HB dock ordinance ready for hearing
|End of the canal, end of the issue|
Holmes Beach city commissioners believe they're close to the end of a long process of drafting an ordinance regulating mooring and docking in the city's canals. Islander Photo: Lisa Neff
After numerous revisions, the Holmes Beach City Commission is ready to set sail with a proposed ordinance regulating mooring and docking in canals.
The charted destination is a public hearing at 7 p.m. Tuesday, July 10.
The commission spent the better part of spring rewriting the proposed ordinance in an attempt to find a workable solution to what property owners and city officials have agreed is a complex issue, specifically with docks in dead-end canals.
On June 12, presenting yet another revision to the ordinance during a city commission work session, city planner Bill Brisson said, "Hopefully, we'll possibly reach the end of the dock discussion tonight."
Brisson outlined changes made in recent weeks to the proposed ordinance.
Generally, the ordinance requires that mooring areas be not less than 10 feet wide and the dock not less than 2 feet wide. The dock cannot extend into the waterway more than 20 feet from the outer edge of the seawall.
The measure exempts mooring areas and docks in waterways that qualify as basins — 85th Street Canal, the T-end canal between Baronet and Concord Lanes on Key Royal, the Marina Court canal basin, the 83rd Street and 77th Street canal basins, and the basin between 68th and 69th streets.
The ordinance would require that accessory mooring and boat docks be associated with a principal use on an abutting lot, but allow for "grandfathering" mooring areas and docks not associated with principal uses at certain locations. Those locations include the dead-end canals between 71st and 72nd streets and between 67th and 68th streets.
The ordinance would allow property owners to negotiate their own agreements for mooring and areas and docks, which can be registered with the city.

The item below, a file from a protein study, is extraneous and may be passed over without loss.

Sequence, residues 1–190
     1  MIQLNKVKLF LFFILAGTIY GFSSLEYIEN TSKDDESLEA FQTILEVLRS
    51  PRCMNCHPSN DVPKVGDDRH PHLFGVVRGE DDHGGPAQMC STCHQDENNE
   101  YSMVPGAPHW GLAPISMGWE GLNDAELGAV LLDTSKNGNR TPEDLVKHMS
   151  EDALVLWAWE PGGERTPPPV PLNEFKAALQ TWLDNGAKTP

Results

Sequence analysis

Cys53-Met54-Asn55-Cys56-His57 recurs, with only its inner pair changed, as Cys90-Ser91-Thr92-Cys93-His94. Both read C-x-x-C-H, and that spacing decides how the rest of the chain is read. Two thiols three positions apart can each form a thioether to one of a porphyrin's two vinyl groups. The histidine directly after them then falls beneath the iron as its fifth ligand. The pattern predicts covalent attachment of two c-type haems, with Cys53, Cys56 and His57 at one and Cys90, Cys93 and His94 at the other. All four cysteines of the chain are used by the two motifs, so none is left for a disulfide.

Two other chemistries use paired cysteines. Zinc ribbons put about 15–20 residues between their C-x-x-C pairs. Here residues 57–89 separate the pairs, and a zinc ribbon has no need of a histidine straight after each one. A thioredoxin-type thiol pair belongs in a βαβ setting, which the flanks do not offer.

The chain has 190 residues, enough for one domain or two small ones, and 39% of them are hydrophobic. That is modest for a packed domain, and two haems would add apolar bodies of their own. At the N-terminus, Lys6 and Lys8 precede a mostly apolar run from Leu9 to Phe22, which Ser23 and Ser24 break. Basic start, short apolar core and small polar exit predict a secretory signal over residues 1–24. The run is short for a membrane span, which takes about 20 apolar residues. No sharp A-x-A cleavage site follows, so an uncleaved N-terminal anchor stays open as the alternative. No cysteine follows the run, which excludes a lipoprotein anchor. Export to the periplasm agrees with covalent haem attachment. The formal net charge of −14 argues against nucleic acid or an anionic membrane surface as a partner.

Commissioners had wanted to cap the length of the agreement to 15 years, but, after hearing from citizens and city attorney Patricia Petruff, agreed to no time limit.
The ordinance would require that in situations where agreements now exist, they must be re-affirmed after the ordinance is adopted.
Brisson said one new provision "allows boats and davits to extend beyond the 20-foot limitation imposed on docks at the terminus of a dead-end canal" provided the boats don't interfere with navigation or impinge on others' mooring rights.
Another change specifies that if a dock falls into disrepair or becomes a hazard, the city would take code enforcement action.
"These are all of the conditions and concerns that we discussed," Brisson said. "They are included in the ordinance."
During the public comment portion of the meeting, several people — two property owners and an attorney — spoke about the docks in the canal between 71st and 72nd streets. The location is the subject of a longstanding legal dispute between the property owners over the history of how long the docks have existed and how to go forward with sharing the relatively tight space.
If the proposed ordinance is adopted, the docks in the canal must be rebuilt. "That's the only way this would work," Brisson said.
Petruff said, "My best advice is for these ... people to get together and rebuild those docks. The fall-back position is to not do anything and let the court decide."
The dispute remains contentious, but commissioners agreed last week that the proposed ordinance is fair and comprehensive and should go forward.
"Our focus is getting this done," said Sandy Haas-Martens, who chairs the commission. "I think we worked out the bugs."
"I really feel like this is it," said Commissioner David Zaccagnino.
The commission's next meeting is 7 p.m. Tuesday, July 10, at city hall, 5801 Marina Drive, Holmes Beach.
In addition to a public hearing on the dock ordinance, the commission plans to vote on a 30-year, non-exclusive franchise agreement with Florida Power & Light and discuss a proposed sign ordinance.